Again, if we Blackboard as the top tier solution here, names like Moodle as the open source alternative, but also Edmodo or Coursekit, the social LMS, come to mind. Now, Blackboard has the money and also intelligence to react toward these new dynamics in the market. Their recent acquisition of Moodlerooms, a company that offers solutions for Moodle and thus makes it more accessible for the average user might have been only the beginning.
Similar to my first example, the established player had to innovate but this also seems to leave no room for a fair-priced solution in the middle. You either offer your solution completely for free, what most of the startups in that space decided to do until now at least or you go for a very low price. The only other alternative is to go for premium pricing.
To round this picture, my last example comes from higher education, a very interesting part of education where lots of things are going on. I may not be the first one to consider this, but it caught my eye that they average college or university seems to vanish somehow.
As education online is my field of expertise, I’m going to concentrate on some of the dynamics in this emerging field rather than traditional higher education.
For some years now, we see the Open University (OU) and more recently also the University of the People (UoPeople) building and growing their offer for very reasonable prices to avoid the word low-cost in this context because of its negative connotation. In the case of UoPeople we even speak of a tuition-free university which means that depending on where the student comes from he/she has to pay a reasonable fee whose amount varies due to the country of residence for the administration only. The academic body works benevolent. Both strong in the developing world, although it wouldn’t be fair to reduce them to that, particularly in the case of the Open University as it was funded by Royal Charter in the UK. Both offer attractive solutions for people to get a degree online who would otherwise not likely have the chance to study.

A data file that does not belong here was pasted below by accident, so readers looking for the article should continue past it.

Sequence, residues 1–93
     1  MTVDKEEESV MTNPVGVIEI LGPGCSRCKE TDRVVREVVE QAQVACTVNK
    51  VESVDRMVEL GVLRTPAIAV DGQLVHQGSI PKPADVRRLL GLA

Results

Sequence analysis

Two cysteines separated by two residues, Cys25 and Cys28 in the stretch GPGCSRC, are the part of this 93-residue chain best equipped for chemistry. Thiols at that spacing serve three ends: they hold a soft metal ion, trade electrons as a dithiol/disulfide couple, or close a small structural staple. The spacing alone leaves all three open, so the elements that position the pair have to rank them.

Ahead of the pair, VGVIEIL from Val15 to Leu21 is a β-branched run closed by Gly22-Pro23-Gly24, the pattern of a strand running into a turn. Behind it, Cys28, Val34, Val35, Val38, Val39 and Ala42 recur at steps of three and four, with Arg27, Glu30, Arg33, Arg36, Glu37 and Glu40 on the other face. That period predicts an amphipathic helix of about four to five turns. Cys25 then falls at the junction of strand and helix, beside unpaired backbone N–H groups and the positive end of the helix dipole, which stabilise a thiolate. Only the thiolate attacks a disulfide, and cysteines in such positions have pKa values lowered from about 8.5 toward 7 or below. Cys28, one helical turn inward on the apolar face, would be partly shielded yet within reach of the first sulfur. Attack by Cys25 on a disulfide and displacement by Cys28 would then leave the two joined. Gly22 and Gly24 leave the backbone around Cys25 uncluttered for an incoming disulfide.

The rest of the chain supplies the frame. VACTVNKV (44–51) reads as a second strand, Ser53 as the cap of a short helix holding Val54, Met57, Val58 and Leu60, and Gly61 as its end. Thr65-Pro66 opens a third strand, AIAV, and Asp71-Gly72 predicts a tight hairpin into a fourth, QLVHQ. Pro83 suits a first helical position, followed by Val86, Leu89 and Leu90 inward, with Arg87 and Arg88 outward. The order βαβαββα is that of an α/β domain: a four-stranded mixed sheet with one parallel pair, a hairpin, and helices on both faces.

Contrary to that we see the Minerva University develop. With its aim to become the home for elite students from around the globe and recently closing a funding round of $25 million we still have to see what exactly it will be. At the moment, their communication is not yet very elaborate though the team is impressive. Minerva wants to admit their first class in 2014 giving students the opportunity to learn from the best professors aiming to disrupt the elite higher education market.
It looks as if it’s going to result in the question low-cost or top tier once again. The average university seems to get lost.
Picture: George Washington via Shutterstock